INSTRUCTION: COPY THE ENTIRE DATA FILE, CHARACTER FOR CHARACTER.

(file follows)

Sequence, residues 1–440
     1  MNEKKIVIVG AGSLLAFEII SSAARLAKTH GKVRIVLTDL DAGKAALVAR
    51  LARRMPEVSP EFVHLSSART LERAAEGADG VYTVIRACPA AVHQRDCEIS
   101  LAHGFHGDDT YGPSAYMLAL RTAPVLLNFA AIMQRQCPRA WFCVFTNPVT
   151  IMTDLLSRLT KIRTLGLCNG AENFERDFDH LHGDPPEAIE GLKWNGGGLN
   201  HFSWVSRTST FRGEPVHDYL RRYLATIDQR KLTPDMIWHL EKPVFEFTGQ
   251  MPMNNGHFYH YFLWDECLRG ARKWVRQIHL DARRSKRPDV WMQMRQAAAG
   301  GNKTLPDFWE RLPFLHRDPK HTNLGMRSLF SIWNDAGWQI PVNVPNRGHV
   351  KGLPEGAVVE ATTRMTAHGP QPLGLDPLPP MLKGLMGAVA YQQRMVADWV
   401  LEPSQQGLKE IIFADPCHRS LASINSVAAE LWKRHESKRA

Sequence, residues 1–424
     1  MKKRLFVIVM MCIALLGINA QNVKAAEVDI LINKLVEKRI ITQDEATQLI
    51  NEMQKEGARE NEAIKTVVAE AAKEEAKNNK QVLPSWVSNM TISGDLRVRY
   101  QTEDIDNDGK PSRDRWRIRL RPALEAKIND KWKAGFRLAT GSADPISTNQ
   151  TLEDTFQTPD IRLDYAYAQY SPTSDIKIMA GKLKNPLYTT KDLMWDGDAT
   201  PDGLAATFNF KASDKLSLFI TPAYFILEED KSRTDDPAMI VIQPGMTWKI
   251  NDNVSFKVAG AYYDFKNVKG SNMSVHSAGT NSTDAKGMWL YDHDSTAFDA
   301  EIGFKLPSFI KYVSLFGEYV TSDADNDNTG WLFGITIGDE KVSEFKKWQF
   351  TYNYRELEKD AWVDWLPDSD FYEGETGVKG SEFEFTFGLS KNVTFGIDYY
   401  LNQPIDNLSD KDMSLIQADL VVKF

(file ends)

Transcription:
Sequence, residues 1–440
     1  MNEKKIVIVG AGSLLAFEII SSAARLAKTH GKVRIVLTDL DAGKAALVAR
    51  LARRMPEVSP EFVHLSSART LERAAEGADG VYTVIRACPA AVHQRDCEIS
   101  LAHGFHGDDT YGPSAYMLAL RTAPVLLNFA AIMQRQCPRA WFCVFTNPVT
   151  IMTDLLSRLT KIRTLGLCNG AENFERDFDH LHGDPPEAIE GLKWNGGGLN
   201  HFSWVSRTST FRGEPVHDYL RRYLATIDQR KLTPDMIWHL EKPVFEFTGQ
   251  MPMNNGHFYH YFLWDECLRG ARKWVRQIHL DARRSKRPDV WMQMRQAAAG
   301  GNKTLPDFWE RLPFLHRDPK HTNLGMRSLF SIWNDAGWQI PVNVPNRGHV
   351  KGLPEGAVVE ATTRMTAHGP QPLGLDPLPP MLKGLMGAVA YQQRMVADWV
   401  LEPSQQGLKE IIFADPCHRS LASINSVAAE LWKRHESKRA

Sequence, residues 1–424
     1  MKKRLFVIVM MCIALLGINA QNVKAAEVDI LINKLVEKRI ITQDEATQLI
    51  NEMQKEGARE NEAIKTVVAE AAKEEAKNNK QVLPSWVSNM TISGDLRVRY
   101  QTEDIDNDGK PSRDRWRIRL RPALEAKIND KWKAGFRLAT GSADPISTNQ
   151  TLEDTFQTPD IRLDYAYAQY SPTSDIKIMA GKLKNPLYTT KDLMWDGDAT
   201  PDGLAATFNF KASDKLSLFI TPAYFILEED KSRTDDPAMI VIQPGMTWKI
   251  NDNVSFKVAG AYYDFKNVKG SNMSVHSAGT NSTDAKGMWL YDHDSTAFDA
   301  EIGFKLPSFI KYVSLFGEYV TSDADNDNTG WLFGITIGDE KVSEFKKWQF
   351  TYNYRELEKD AWVDWLPDSD FYEGETGVKG SEFEFTFGLS KNVTFGIDYY
   401  LNQPIDNLSD KDMSLIQADL VVKF